http://static-content.springer.com/image/art%3A10.1155%2F2011%2F376782/MediaObjects/13661_2010_Article_36_Equ37_HTML.gif
(2.27)
therefore
http://static-content.springer.com/image/art%3A10.1155%2F2011%2F376782/MediaObjects/13661_2010_Article_36_Equ38_HTML.gif
(2.28)
Then we obtain
http://static-content.springer.com/image/art%3A10.1155%2F2011%2F376782/MediaObjects/13661_2010_Article_36_Equ39_HTML.gif
(2.29)

Hence we have http://static-content.springer.com/image/art%3A10.1155%2F2011%2F376782/MediaObjects/13661_2010_Article_36_IEq85_HTML.gif . Moreover, the map http://static-content.springer.com/image/art%3A10.1155%2F2011%2F376782/MediaObjects/13661_2010_Article_36_IEq86_HTML.gif is compact since it is a sum of two compact maps: the compactness of http://static-content.springer.com/image/art%3A10.1155%2F2011%2F376782/MediaObjects/13661_2010_Article_36_IEq87_HTML.gif is well known, and since http://static-content.springer.com/image/art%3A10.1155%2F2011%2F376782/MediaObjects/13661_2010_Article_36_IEq88_HTML.gif , and http://static-content.springer.com/image/art%3A10.1155%2F2011%2F376782/MediaObjects/13661_2010_Article_36_IEq89_HTML.gif are continuous, the perturbation http://static-content.springer.com/image/art%3A10.1155%2F2011%2F376782/MediaObjects/13661_2010_Article_36_IEq90_HTML.gif maps bounded sets into bounded subsets of a 1-dimensional space.

For http://static-content.springer.com/image/art%3A10.1155%2F2011%2F376782/MediaObjects/13661_2010_Article_36_IEq91_HTML.gif , we use, as in [23, 31], the following bounded open subsets of http://static-content.springer.com/image/art%3A10.1155%2F2011%2F376782/MediaObjects/13661_2010_Article_36_IEq92_HTML.gif :
http://static-content.springer.com/image/art%3A10.1155%2F2011%2F376782/MediaObjects/13661_2010_Article_36_Equ40_HTML.gif
(2.30)

Note that http://static-content.springer.com/image/art%3A10.1155%2F2011%2F376782/MediaObjects/13661_2010_Article_36_IEq93_HTML.gif .

We employ the following numbers:
http://static-content.springer.com/image/art%3A10.1155%2F2011%2F376782/MediaObjects/13661_2010_Article_36_Equ41_HTML.gif
(2.31)
and we note
http://static-content.springer.com/image/art%3A10.1155%2F2011%2F376782/MediaObjects/13661_2010_Article_36_Equ42_HTML.gif
(2.32)

The proofs of the following results can be immediately deduced from the analogous results in [21], where the proofs involve a careful analysis of fixed point index and utilize order-preserving matrices. The only difference here is that we allow nonlinearity http://static-content.springer.com/image/art%3A10.1155%2F2011%2F376782/MediaObjects/13661_2010_Article_36_IEq94_HTML.gif to be Carathéodory instead of continuous. The lines of proof are not effected and therefore the proofs are omitted.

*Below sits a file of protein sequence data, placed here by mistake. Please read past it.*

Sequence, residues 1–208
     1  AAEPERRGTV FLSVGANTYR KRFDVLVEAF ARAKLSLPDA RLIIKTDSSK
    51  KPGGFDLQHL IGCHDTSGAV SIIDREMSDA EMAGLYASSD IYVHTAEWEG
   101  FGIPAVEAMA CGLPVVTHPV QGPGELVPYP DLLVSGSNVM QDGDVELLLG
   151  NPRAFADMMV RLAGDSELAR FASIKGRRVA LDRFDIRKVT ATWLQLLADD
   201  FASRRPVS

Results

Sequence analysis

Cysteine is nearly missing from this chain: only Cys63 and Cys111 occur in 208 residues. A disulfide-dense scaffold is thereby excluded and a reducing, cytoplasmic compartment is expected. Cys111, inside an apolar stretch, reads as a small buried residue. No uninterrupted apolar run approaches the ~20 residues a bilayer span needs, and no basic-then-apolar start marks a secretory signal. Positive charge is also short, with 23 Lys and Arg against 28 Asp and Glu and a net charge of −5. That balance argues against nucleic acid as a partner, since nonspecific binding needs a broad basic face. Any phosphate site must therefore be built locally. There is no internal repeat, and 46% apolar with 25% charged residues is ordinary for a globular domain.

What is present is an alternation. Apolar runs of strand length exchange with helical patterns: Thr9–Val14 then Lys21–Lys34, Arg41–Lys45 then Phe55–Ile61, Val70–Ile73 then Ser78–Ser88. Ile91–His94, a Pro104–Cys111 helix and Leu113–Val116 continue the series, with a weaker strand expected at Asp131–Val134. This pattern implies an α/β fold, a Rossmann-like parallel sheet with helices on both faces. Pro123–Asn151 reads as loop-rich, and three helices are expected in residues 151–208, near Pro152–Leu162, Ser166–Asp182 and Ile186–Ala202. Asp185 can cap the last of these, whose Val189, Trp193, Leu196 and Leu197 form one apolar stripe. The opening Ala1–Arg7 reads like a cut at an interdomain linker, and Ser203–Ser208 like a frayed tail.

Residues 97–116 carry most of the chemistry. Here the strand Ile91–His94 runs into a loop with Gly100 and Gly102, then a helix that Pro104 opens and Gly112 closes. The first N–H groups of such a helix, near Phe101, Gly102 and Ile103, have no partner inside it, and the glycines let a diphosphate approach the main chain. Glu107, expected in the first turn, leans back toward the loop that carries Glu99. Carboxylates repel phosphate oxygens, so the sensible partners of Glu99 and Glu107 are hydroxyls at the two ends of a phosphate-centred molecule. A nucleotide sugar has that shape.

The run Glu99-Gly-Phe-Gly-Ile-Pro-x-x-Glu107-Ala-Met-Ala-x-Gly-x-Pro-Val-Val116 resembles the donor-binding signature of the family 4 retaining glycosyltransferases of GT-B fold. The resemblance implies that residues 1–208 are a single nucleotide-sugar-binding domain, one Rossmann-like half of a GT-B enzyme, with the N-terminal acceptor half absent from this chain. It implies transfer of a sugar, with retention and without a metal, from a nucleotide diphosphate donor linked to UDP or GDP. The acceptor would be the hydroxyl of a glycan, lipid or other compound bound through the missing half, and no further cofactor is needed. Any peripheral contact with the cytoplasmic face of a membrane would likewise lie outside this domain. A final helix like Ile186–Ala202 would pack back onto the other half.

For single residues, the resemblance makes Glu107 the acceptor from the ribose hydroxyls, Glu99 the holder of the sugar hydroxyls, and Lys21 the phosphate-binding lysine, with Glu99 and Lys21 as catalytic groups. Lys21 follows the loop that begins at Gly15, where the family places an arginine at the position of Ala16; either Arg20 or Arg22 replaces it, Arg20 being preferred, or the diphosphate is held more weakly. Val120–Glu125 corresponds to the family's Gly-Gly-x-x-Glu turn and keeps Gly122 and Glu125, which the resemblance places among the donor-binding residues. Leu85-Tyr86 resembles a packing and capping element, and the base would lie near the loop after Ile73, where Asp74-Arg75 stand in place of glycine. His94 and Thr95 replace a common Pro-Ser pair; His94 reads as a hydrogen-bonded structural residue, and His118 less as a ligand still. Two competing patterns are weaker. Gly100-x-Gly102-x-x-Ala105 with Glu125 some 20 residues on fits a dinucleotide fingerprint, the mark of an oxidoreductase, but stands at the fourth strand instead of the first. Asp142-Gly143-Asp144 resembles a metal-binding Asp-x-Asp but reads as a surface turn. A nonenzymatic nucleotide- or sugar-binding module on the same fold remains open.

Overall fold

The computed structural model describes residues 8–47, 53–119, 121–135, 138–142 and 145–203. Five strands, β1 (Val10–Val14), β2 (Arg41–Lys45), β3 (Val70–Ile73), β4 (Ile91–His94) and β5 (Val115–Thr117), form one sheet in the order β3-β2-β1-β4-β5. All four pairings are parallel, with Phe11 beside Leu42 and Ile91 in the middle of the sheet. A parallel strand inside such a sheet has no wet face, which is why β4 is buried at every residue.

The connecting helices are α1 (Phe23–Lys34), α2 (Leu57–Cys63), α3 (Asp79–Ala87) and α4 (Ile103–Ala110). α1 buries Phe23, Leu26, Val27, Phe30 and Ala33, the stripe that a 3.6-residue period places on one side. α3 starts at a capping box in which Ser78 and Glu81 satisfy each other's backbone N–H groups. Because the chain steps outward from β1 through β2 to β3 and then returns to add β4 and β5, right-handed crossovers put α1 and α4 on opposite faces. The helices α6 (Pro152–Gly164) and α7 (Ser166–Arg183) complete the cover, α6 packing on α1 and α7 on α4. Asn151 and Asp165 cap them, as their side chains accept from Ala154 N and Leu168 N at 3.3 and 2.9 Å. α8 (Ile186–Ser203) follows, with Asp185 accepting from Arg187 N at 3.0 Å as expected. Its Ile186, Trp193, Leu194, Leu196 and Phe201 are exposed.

Firstly we give conditions which imply that the fixed point index is http://static-content.springer.com/image/art%3A10.1155%2F2011%2F376782/MediaObjects/13661_2010_Article_36_IEq95_HTML.gif on the set http://static-content.springer.com/image/art%3A10.1155%2F2011%2F376782/MediaObjects/13661_2010_Article_36_IEq96_HTML.gif .

Lemma 2.2.

Suppose that http://static-content.springer.com/image/art%3A10.1155%2F2011%2F376782/MediaObjects/13661_2010_Article_36_IEq97_HTML.gif hold. Assume that there exist http://static-content.springer.com/image/art%3A10.1155%2F2011%2F376782/MediaObjects/13661_2010_Article_36_IEq98_HTML.gif such that
http://static-content.springer.com/image/art%3A10.1155%2F2011%2F376782/MediaObjects/13661_2010_Article_36_Equ43_HTML.gif
(2.33)

Then the fixed point index, http://static-content.springer.com/image/art%3A10.1155%2F2011%2F376782/MediaObjects/13661_2010_Article_36_IEq99_HTML.gif , is http://static-content.springer.com/image/art%3A10.1155%2F2011%2F376782/MediaObjects/13661_2010_Article_36_IEq100_HTML.gif .

Now, we give conditions which imply that the fixed point index is http://static-content.springer.com/image/art%3A10.1155%2F2011%2F376782/MediaObjects/13661_2010_Article_36_IEq101_HTML.gif on the set http://static-content.springer.com/image/art%3A10.1155%2F2011%2F376782/MediaObjects/13661_2010_Article_36_IEq102_HTML.gif .

Lemma 2.3.

Suppose http://static-content.springer.com/image/art%3A10.1155%2F2011%2F376782/MediaObjects/13661_2010_Article_36_IEq103_HTML.gif hold. Assume that there exists http://static-content.springer.com/image/art%3A10.1155%2F2011%2F376782/MediaObjects/13661_2010_Article_36_IEq104_HTML.gif such that
http://static-content.springer.com/image/art%3A10.1155%2F2011%2F376782/MediaObjects/13661_2010_Article_36_Equ44_HTML.gif
(2.34)

Then http://static-content.springer.com/image/art%3A10.1155%2F2011%2F376782/MediaObjects/13661_2010_Article_36_IEq105_HTML.gif .

The two lemmas above lead to the following result on existence of one or two positive solutions for the integral equation (2.20). Note that, if the nonlinearity http://static-content.springer.com/image/art%3A10.1155%2F2011%2F376782/MediaObjects/13661_2010_Article_36_IEq106_HTML.gif has a suitable oscillatory behavior, it is possible to state, with the same arguments as in [23], a theorem on the existence of more than two positive solutions.

Theorem 2.4.